Every day, 2 billion people around the world use Unilever products—including more than 400 personal care brands. This creates a significant opportunity to impact the lives of consumers, employees and suppliers.
It also presents a challenge to brands to stay relevant and alive. During a recent Cosmetic Executive Women Newsmaker Forum in New York, two Unilever executives -- Kees Kruythoff, president, NA, and Tamara Rogers, Unilever’s executive vice president of personal care USA -- explained how the company is reworking its portfolio to compete with today’s consumers.
Boosting Skin Care Holdings
Roughly half of Unilever’s US business lies in personal care, said Kruythoff, adding that every part of the portfolio plays a different role. Recently, that portfolio (which added the Sara Lee and Alberto Culver brands in 2010) has grown, with prestige skin care acquisitions such as Murad, REN, Kate Somerville and Dermalogica, which, according to comments from CEO Paul Polman, account for about £400 million.
As Kruythoff put it: “These brands have a natural home at Unilever.”
In today’s fast-changing world, there will always be natural consolidators, Kruythoff said. “We see opportunities,” he continued, noting that Unilever is in a strong cash position that supports acquisitions.
However, Kruythoff explained that synergies are everything. Noting the 2002 sale of the Arden business by Unilever, the executive noted that fragrance had provided insufficient opportunities for the company, while more recent acquisitions such as Murad presented significant opportunities. He concluded, “You always need to be in the right moment.”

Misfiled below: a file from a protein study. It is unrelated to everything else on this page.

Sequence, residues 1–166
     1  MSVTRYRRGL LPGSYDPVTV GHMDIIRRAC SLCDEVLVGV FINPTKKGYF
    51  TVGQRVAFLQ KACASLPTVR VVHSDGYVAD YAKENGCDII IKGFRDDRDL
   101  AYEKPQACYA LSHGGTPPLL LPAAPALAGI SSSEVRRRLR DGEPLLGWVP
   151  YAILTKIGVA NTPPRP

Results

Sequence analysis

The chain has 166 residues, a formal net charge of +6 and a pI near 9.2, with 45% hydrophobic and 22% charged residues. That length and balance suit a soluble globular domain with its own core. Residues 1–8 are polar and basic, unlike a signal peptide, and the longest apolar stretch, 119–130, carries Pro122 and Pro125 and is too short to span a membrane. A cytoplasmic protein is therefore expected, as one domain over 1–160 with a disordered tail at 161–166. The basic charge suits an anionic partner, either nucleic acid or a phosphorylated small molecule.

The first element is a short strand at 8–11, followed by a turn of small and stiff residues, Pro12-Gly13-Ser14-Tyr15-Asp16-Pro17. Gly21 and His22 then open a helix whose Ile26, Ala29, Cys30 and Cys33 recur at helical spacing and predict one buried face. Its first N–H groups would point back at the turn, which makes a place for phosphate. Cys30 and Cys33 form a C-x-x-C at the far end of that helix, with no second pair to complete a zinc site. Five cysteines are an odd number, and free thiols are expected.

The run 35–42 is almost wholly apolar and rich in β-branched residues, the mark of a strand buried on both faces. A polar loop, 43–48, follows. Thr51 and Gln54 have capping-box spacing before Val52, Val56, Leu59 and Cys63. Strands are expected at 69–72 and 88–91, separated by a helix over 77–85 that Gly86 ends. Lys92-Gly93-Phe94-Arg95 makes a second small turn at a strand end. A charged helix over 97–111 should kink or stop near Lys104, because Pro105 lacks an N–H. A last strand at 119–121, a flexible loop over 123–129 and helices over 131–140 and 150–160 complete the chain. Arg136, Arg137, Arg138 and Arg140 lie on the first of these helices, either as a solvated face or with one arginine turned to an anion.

Looking ahead, Kruythoff said that there is no overarching strategic philosophy at Unilever regarding buy vs build. The company simultaneously possesses the ability to acquire more brands while bringing “craftsmanship” to those it already owns.
Unilever's Top Portfolio Opportunities
In terms of the portfolio mix, Kruythoff added that companies must account for the growing tribalism of global consumers and provide “local” brands that are relevant to them. He also noted that there are gaps that can be filled in skin care, particularly Asia, as well as male grooming, which is particularly “behind” in the United States.
Similarly, Kruythoff identified under-leveraged opportunities in Africa, Indonesia and other emerging personal care markets.
But would Unilever ever venture into color cosmetics? Kruythoff noted that “the rules of the game in color are different,” and that synergies in Unilever’s current portfolio are relatively low. He concluded, jokingly, “Never say never and never say ever.”
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